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Britain Just Went Nearly Three Weeks Without Coal, a New Record
Britain just went a record 18 days without coal in the nation's bid to eventually nix the fossil fuel, the BBC reports. It beats the previous record of one week without coal set between May 1 and May 8 in what officials told the publication would be the "new normal."
"Great Britain has now gone over 18 days (432 hours) without coal!" tweeted the country's electricity system operator, National Grid ESO (NGESO), on the same day. "Due to plant availability and system requirements, our current coal run has come to an end at 9:20 p.m. this evening. 18 days and 60 hours."
"As more and more renewables come on to the system, we're seeing things progress at an astonishing rate," NGESO Fintan Slye said. "2018 was our greenest year to date, and so far, 2019 looks like it has the potential to beat it."
The United Kingdom became the first country in the world to announce a coal phase-out policy in an ambitious move to limit emissions on coal power stations from October 2025 following the 2015 Paris climate meeting. In an update posted earlier this year, Beyond Coal reports that the nation's "coal fleet is already halved from around 30 gigawatts in 2010 and by 2016 the coal share had fallen to 9 percent of the electricity mix, down from 40 percent just four years previously."
"By 2025, ESO will have transformed the operation of Great Britain's electricity system and put in place the innovative systems, products and services to ensure that the network is ready to handle 100% zero carbon," said Slye earlier this year, adding that a zero carbon operation in just six years requires a shift in operations and an integration of newer technologies, "from large-scale off-shore wind to domestic solar panels."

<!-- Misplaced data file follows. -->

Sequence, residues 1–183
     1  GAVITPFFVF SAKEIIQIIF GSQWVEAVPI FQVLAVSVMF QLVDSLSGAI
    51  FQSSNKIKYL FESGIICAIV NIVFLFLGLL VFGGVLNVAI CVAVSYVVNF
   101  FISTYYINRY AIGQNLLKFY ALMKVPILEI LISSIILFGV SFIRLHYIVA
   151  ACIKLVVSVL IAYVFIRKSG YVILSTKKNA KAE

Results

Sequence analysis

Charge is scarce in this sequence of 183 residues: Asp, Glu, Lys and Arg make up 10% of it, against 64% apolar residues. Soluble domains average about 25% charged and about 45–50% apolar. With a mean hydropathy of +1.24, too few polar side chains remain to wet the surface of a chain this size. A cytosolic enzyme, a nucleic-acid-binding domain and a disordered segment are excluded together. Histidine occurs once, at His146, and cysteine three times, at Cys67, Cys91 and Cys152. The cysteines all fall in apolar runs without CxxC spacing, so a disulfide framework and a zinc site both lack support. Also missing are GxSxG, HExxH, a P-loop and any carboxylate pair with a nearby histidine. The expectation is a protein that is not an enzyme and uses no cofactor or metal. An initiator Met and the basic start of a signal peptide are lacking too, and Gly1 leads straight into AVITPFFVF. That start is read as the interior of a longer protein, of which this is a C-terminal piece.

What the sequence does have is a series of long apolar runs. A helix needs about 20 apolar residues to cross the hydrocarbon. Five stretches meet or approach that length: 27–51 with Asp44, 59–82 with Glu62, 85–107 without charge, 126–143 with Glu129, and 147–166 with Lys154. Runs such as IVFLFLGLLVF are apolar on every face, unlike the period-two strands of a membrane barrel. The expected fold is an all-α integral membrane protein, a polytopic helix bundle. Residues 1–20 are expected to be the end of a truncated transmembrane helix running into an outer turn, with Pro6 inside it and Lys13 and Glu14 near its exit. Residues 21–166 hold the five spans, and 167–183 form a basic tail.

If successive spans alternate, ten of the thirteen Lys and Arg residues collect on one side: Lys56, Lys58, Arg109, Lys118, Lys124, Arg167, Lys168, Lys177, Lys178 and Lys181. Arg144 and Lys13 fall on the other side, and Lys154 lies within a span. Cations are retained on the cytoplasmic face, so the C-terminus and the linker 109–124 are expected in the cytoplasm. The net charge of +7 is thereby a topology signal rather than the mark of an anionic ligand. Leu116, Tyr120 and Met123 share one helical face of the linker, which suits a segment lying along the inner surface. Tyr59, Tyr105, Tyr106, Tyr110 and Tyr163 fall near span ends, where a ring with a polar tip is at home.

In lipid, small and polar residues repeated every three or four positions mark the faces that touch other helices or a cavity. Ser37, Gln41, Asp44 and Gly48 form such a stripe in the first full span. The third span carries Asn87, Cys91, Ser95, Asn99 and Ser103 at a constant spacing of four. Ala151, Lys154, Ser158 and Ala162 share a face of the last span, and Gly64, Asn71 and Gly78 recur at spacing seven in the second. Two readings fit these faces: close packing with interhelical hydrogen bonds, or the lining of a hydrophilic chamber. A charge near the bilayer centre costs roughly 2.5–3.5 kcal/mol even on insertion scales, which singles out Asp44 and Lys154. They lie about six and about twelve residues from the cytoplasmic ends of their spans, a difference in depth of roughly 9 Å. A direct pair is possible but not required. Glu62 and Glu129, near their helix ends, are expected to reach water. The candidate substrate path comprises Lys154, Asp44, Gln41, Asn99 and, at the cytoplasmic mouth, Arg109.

The move looks promising. The UK currently has installed more offshore wind power than any other nation, halving the cost of offshore wind in the last four years, reports Wired. Altogether, it's a dramatic shift from the coal-powered nation that made up Britain just a century ago during the Industrial Revolution.
"Coal was the backbone of the last industrial revolution — but this old technology is being beaten by wind energy, the powerhouse of our 21st century economy. Renewables are providing well over a third of our electricity today, and this is just the beginning. We need to move from fossil fuels right across the economy to avoid the enormous risks of climate disruption and to benefit from modern, clean, technologies," said RenewableUK Deputy Chief Executive Emma Pinchbeck.
Currently, about one-fifth of Europe's operational coal fleet are located in other countries which have joined ranks and similarly announced that they will phase out coal, putting the coal plants located in these nations "on a pathway to closure."
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Toxic Waste Will Continue to Grow for Decades Even if All U.S. Drilling and Fracking Halts Today, New Report Says
By Jessica Corbett
For more than three decades, the U.S. government has mismanaged toxic oil and gas waste containing carcinogens, heavy metals and radioactive materials, according to a new Earthworks report — and with the country on track to continue drilling and fracking for fossil fuels, the advocacy group warns of growing threats to the planet and public health.
Newly adopted guidelines set forth by the European Commission Tuesday aim to tackle climate change by way of the financial sector. The move comes to bolster the success of the Sustainable Action Plan published last year to reorient capital flows toward sustainable investment and manage financial risks from climate change, environmental degradation and social issues.